From the four national rivers to tiny water mirrors in the forest. From rafting boats to kayaks and canoes. It is impossible to miss all the water in Swedish Lapland. Big and small, flowing or still. Perfect for paddlers and the curious.

    Håkan Stenlund
  • Biking the mountains

    The mountain bike is said to have been invented in California in the 1970s. But the truth is that as long as there have been bikes, we have biked the paths, even in the mountains. But with today's modern mountain bikes, mountain biking has become a bit easier.

    Håkan Stenlund

The midnight sun

For the locals, it’s the most natural thing in the world — those bright summer nights when the sun barely sets, keeping the Arctic illuminated 24/7. And in the same way, that same light is what makes life so close to the Arctic Circle quite extraordinary.

Imagine how much you’d be able to experience each day when night never falls. Because why do things during the day when you might as well do them at night? There aren’t many places in the world when such a question is legit. But in the Arctic, it is. You play golf in the middle of the night. You take a swim whenever you feel like it, and those who have never experienced the midnight light before wonder how they’ll ever manage to sleep. But then you make your mind up not to worry about sleep and decide it’s time for further adventures — even more summer.

To say that the Arctic nights are magical is, of course, nothing less than stating the obvious. Nevertheless, it sure brings something extra to the table. Ask any local fisherman, musician or mountain biker. Cheesemaker, golfer or night swimmer. Hiker, trail runner or sauna fanatic. Or a writer, for that matter.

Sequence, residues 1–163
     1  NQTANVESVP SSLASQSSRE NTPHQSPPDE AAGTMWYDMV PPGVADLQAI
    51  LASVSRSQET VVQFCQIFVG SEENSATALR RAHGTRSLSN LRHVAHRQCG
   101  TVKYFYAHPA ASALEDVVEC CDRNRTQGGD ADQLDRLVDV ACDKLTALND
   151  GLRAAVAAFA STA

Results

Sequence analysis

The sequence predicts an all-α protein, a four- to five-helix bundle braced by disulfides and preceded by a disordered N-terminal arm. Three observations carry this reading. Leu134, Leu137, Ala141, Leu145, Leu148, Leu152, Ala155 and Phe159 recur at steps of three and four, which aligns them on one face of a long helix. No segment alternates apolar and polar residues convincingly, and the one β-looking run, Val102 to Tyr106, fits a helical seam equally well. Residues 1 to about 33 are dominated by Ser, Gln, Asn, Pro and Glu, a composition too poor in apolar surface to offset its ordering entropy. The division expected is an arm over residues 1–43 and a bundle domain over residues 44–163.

Never-ending light

Some say we don’t need as much sleep in the summer. Some say that the never-ending ray of lights transforms our berries, our fruit, and vegetables into superfood due to the constant daylight. Like they force nature to blossom while it can. And some say, in the same sentence, it’s because of our long, dark winter nights that we, like nature, live summer life to the fullest. While we can. We don’t know if it’s true. But you know, nature has a funny way of creating balance.

90 days and nights sun

Arctic summers are short and intense, lasting approximately 90 days. The midnight sun is a phenomenon that can only be experienced above the Arctic Circle, but does that mean that the nights in the rest of Swedish Lapland are dark? Not at all. Below the Arctic Circle, we call it the midnight light.

So, what does the midnight sun mean, what can you do with it? People living in the north sometimes get that question. The answer? It’s a simple one. You can do everything – whenever you feel like it.

Also read
  • World’s best place for northern lights

    Abisko National Park, in Swedish Lapland, offers some of the best conditions in the world for northern lights watching. The unique climate of the area keep the skies almost clear, and the light pollution is next to nothing. And here, you also find the Aurora Sky Station.

    Håkan Stenlund
  • First time dog sledding

    If it’s the first time, you have ever met a pack of enthusiastic huskies, no wonder you would be a bit reserved. However, there’s absolutely nothing to be afraid of. Join the British couple, Sabina and Pete, for their first encounter with some of Skellefteå’s furry residents.

    Ted Logart
  • The food story

    Eating well is part of every journey. Well, it could be the whole reason for the trip. This is the food story.

    Håkan Stenlund